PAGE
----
Title: HOW INDIAN ECONOMY STARTED CHANGING (2011- 2014)
Authors: SOHAM PATIL
MAHARASHTRA NATIONAL LAW UNIVERSITY (MNLU), NAGPUR
MLA 8 PATIL, SOHAM. "HOW INDIAN ECONOMY STARTED CHANGING (2011- 2014)." Int. j. of Social Science and Economic Research, vol. 4, no. 12, Dec. 2019, pp. 7336-7344, ijsser.org/more2019.php?id=560. Accessed Dec. 2019.
APA PATIL, S. (2019, December). HOW INDIAN ECONOMY STARTED CHANGING (2011- 2014). Int. j. of Social Science and Economic Research, 4(12), 7336-7344. Retrieved from ijsser.org/more2019.php?id=560
Chicago PATIL, SOHAM. "HOW INDIAN ECONOMY STARTED CHANGING (2011- 2014)." Int. j. of Social Science and Economic Research 4, no. 12 (December 2019), 7336-7344. Accessed December, 2019. ijsser.org/more2019.php?id=560.
References . Books Datt and Sundharam. (2008), Indian Economy, S Chand and Company, New Delhi
. Misra S.K and Puri (2009), Indian Economy, Himalaya Publication, New Delhi Kapila Uma
(2008), Indian Economy, Academic Foundation Publication, New Delhi
. Gupta K.C. and Kaur Harinder, (2004), New Indian Economy and Reform, Deep and Deep
Publication, New Delhi
Abstract: India's economic freedom score is 55.2, making its economy the 119th freest in the 2013 Index.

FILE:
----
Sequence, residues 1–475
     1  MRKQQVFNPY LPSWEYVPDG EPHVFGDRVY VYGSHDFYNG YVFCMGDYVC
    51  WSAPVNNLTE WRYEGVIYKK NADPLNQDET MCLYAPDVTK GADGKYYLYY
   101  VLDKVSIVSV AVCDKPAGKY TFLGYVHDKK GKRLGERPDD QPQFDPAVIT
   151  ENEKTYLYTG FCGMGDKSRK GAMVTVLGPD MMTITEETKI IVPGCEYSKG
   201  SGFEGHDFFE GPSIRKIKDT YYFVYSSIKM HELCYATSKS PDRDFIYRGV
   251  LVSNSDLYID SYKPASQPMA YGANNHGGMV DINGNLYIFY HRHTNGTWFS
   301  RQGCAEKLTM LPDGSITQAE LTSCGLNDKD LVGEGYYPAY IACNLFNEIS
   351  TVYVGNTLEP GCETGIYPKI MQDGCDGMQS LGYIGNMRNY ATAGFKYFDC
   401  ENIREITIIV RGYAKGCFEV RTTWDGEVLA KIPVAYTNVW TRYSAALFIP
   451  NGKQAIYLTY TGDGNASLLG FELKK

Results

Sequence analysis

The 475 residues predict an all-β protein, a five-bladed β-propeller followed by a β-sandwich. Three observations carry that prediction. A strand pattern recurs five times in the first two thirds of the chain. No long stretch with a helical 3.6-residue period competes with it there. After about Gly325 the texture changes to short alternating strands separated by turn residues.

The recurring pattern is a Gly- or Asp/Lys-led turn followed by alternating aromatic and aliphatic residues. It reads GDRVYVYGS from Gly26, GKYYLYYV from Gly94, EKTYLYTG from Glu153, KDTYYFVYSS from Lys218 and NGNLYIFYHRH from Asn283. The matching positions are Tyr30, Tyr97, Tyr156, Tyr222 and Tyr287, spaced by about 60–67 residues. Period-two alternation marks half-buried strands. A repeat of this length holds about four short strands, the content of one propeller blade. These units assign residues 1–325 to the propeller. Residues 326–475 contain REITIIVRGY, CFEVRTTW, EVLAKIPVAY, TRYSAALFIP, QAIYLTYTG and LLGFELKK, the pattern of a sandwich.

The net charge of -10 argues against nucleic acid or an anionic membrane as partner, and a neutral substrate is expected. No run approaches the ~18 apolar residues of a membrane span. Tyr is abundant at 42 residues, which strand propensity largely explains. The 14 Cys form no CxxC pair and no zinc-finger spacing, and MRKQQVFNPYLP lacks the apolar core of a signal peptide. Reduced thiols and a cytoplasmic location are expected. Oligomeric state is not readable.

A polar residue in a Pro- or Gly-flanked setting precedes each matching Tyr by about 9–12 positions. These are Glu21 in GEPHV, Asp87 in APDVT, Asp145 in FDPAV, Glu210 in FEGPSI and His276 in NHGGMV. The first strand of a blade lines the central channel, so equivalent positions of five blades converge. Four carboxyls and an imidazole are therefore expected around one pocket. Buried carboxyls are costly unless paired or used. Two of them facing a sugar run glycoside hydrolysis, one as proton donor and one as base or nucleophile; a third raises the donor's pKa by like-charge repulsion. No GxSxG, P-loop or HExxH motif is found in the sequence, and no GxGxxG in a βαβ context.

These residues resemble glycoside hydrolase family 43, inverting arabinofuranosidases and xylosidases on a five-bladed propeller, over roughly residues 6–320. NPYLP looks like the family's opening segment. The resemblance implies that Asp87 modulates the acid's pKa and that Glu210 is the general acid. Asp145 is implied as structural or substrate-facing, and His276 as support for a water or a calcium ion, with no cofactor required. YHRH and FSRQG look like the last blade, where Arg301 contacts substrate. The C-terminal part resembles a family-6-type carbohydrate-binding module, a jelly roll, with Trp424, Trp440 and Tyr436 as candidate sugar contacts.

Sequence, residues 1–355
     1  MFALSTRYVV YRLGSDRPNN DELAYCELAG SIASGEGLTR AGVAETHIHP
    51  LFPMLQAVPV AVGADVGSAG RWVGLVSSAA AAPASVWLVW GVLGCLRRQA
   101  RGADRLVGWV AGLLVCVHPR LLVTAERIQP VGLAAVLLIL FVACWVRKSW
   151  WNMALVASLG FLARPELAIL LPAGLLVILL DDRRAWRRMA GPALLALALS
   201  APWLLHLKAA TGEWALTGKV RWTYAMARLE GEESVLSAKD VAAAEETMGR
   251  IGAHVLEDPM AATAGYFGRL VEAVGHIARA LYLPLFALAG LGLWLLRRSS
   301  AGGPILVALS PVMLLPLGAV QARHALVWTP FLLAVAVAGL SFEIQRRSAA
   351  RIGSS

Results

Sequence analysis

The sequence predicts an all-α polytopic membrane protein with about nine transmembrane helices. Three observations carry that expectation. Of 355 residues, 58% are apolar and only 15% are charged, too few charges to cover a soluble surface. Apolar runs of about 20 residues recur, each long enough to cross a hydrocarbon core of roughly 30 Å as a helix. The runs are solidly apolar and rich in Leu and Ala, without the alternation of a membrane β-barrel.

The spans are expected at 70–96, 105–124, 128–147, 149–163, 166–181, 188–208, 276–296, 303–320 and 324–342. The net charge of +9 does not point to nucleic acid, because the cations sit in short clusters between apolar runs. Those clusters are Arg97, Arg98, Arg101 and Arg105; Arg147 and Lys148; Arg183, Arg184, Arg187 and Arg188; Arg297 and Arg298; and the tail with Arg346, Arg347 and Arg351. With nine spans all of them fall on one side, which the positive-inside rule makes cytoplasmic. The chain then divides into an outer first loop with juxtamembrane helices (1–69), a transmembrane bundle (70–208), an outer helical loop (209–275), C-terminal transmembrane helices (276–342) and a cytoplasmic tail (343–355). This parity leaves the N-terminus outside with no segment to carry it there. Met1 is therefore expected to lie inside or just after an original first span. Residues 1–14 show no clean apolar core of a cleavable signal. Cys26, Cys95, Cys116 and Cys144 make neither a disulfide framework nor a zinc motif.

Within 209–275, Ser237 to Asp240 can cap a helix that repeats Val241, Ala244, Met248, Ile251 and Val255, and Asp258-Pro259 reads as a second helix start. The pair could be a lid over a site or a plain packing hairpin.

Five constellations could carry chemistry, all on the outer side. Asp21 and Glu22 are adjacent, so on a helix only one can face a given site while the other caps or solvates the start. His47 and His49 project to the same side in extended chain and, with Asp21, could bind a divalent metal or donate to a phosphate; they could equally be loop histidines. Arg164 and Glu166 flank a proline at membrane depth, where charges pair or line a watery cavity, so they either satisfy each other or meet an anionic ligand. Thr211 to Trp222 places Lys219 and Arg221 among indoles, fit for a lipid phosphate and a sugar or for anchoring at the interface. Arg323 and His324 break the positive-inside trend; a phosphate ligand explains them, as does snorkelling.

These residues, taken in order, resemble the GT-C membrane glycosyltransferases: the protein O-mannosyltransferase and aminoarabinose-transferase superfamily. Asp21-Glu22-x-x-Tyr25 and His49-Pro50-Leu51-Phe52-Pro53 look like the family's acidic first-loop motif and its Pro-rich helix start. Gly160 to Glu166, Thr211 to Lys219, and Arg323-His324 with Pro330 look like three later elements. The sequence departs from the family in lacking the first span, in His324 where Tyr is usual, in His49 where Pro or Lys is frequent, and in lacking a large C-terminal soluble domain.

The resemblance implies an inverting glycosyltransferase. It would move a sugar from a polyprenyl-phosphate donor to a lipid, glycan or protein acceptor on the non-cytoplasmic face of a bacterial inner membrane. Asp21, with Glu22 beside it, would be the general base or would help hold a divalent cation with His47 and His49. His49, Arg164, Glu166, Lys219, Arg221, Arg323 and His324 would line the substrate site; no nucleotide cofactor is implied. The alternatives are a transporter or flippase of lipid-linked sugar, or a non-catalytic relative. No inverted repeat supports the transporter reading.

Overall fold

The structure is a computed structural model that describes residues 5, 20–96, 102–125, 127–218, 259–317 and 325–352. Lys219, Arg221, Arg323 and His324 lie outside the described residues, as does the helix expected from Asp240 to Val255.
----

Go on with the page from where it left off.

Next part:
Its score is 0.6 point higher than last year, with improvements in the management of public
finance and monetary freedom offsetting a continuing decline in freedom from corruption. India
is ranked 23rd out of 41 countries in the Asia-Pacific region, and its overall score is below the
world average. India's institutional shortcomings continue to undermine the foundations for
long-term economic development. In the absence of a well-functioning legal and regulatory
framework, corruption throughout the economy is becoming a more serious drag on the
emergence of a more dynamic private sector. The state's presence in the economy remains
extensive through state-owned enterprises and wasteful subsidy programs that result in
chronically high budget deficits. Progress in structural reform has been uneven and often stalled.
Plans to open up key service sectors have been reversed, and no significant reforms have been
implemented effectively in recent years. Efforts continue, however. Reform measures aiming at
reducing government subsidies and encouraging foreign direct investment were announced in
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